• In May 2022, this same former rejected PM has been appointed as PM not by Parliament but by the President. Is this act legal or in the least democratically ethical.
  • A new cabinet was also appointed by the President comprising not only the winning party members but members of opposition parties as well. Is this act legal or in the least democratically ethical by the people who gave a resounding victory in the government that people elected in 2020?
  • We have a caretaker PM who has no mandate of the People, who has been rejected by his own party supporters, who unethically entered from the backdoor via national list.
  • We have a caretaker Government comprising people of different parties who are also not representative of the People.
  • How can such a caretake PM and caretaker Government draft legislation to clip the powers of the President via a Bill and transfer powers to a rejected caretaker PM? It is an insult to even seek approval from the People via referendum given the undemocratic practice at play.
  • The silence of the people who refrained from objecting to giving a rejected MP returning from the national list the position of PM, was primarily because of foreign pressures to appoint him as a collateral to obtaining foreign aid assistance. This also questions how sovereign Sri Lanka is to have to take permission to make appointments!
  • This caretake PM was appointed because foreign aid bodies and foreign governments wanted him to be appointed & his key role was to solve the economic crisis though his government was one of the key architects of the economic crisis from issuing international sovereign bonds that were maturing for payment from 2020 onwards.
  • The people were silent even after appointing a rejected MP as PM
  • The people were silent when a caretaker cabinet from different parties was appointed
  • The people should not be silent as every day new Ministers are getting appointed to again create a burden to the people amidst so much suffering.
  • The people should not be silent when a caretake PM is trying to usurp the powers of an elected President.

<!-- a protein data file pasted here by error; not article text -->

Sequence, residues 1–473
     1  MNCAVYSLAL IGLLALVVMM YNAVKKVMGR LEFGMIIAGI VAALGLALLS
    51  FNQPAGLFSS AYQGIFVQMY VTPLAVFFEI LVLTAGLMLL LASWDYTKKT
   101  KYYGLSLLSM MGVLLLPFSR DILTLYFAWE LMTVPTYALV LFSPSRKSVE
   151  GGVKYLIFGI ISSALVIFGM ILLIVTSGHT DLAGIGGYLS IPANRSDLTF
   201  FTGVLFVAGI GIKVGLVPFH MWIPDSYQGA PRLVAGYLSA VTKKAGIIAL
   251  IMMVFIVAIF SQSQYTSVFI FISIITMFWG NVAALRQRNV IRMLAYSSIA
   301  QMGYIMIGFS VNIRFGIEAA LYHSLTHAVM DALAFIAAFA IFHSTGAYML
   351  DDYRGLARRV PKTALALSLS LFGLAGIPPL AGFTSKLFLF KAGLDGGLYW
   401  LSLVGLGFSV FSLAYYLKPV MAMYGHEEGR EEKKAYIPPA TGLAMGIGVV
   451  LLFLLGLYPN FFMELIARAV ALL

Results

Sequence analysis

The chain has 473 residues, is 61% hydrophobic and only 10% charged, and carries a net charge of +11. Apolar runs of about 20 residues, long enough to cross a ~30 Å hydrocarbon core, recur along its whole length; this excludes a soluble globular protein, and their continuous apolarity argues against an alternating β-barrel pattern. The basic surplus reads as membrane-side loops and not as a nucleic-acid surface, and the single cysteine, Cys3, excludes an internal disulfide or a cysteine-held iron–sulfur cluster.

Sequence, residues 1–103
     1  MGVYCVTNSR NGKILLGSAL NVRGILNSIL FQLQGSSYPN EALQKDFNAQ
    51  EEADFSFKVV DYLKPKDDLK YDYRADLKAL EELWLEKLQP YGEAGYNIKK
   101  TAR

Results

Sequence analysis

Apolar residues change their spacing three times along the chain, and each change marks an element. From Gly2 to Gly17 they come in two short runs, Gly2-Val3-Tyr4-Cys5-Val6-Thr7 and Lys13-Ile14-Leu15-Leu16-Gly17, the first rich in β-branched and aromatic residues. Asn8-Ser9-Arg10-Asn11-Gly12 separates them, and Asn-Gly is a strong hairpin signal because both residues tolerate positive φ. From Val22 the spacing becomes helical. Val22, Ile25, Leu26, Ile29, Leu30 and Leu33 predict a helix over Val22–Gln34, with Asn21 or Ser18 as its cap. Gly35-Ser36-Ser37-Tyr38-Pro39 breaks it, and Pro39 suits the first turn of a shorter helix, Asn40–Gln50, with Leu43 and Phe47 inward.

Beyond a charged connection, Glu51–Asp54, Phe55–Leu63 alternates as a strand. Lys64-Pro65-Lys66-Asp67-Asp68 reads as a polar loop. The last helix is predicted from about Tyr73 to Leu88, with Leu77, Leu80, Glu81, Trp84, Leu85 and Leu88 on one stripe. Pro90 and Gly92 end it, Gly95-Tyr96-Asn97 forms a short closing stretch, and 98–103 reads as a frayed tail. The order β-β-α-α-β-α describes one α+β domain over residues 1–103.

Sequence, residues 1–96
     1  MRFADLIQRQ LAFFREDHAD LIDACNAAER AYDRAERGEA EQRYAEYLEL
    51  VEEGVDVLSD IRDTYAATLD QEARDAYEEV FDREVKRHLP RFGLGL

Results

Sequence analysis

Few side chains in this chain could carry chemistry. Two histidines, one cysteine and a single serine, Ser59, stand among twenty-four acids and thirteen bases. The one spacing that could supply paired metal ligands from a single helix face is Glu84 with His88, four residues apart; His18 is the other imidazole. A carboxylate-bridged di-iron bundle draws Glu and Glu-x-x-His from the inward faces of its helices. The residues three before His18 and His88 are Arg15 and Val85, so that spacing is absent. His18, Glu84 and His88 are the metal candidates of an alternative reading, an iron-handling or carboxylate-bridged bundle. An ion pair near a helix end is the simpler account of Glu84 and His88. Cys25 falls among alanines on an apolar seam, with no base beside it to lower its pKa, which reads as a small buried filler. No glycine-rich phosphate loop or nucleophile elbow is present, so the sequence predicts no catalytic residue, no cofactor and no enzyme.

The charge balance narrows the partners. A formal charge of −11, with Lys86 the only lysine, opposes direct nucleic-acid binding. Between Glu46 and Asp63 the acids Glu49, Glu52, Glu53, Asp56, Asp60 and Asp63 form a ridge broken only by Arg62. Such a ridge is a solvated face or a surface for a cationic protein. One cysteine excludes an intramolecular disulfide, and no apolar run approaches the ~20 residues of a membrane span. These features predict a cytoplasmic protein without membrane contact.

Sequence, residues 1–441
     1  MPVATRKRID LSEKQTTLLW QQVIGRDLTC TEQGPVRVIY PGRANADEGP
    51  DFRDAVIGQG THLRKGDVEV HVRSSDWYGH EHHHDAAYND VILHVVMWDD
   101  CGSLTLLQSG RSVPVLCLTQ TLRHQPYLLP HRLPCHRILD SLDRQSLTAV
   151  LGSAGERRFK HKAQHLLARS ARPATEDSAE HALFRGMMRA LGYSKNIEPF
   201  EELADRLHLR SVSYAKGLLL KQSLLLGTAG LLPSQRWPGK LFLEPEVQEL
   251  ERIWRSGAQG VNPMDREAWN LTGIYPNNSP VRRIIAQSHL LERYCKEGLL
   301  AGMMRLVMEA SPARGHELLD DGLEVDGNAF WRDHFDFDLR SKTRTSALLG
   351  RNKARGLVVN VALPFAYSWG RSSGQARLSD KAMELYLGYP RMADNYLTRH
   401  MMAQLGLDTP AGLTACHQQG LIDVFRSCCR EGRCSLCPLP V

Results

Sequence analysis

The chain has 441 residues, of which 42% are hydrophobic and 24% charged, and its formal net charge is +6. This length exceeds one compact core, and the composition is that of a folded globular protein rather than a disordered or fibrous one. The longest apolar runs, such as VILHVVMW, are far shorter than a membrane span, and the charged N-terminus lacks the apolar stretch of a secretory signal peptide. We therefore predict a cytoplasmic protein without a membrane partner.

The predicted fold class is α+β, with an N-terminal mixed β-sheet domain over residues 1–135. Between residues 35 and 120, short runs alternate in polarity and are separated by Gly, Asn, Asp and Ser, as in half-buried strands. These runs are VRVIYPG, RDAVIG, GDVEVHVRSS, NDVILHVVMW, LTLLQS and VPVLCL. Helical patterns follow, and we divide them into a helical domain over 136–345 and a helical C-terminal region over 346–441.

• The people must think of the issue not taking the person seated in the position but the title and the mandate given to the title and the democratic principles that has to accompany the governance.

Taking this into consideration the Judiciary who will be asked to make a determination on the 21a must disallow all efforts to dilute, transfer or reduce the powers of the President without asking the people at a referendum. In this economic crisis when there is no money to buy basic essentials, we do not require any referendum/elections, therefore 21a should not be a priority and should not be entertained. Parliament should not be wasting time on trying to divide power between themselves but to find ways and means to gain revenue for Sri Lanka reducing unnecessary expenses.

19a and 20a were both unnecessarily hurried for no reason. 21a should not be hurried too. Why is this hurry to pass 21a? Who wants 21a passed & why? What is the purpose & to whose advantage is 21a being hurriedly passed? We want answers before passing anything.

Amendments to Sri Lanka’s Constitution has unnecessarily diluted the constitution & the Judiciary must step in to not be politically pressurized to repeat.

If a rejected MP, can return to Parliament via National List and becomes the PM do we need to hold elections, do we need to elect MPs, do we even need a Parliament? We can run the country with a 29 Member National List only!

If a rejected MP now caretaker PM tries to pass a constitutional amendment to transfer powers given by the People to himself, should this be allowed? 

Shenali D Waduge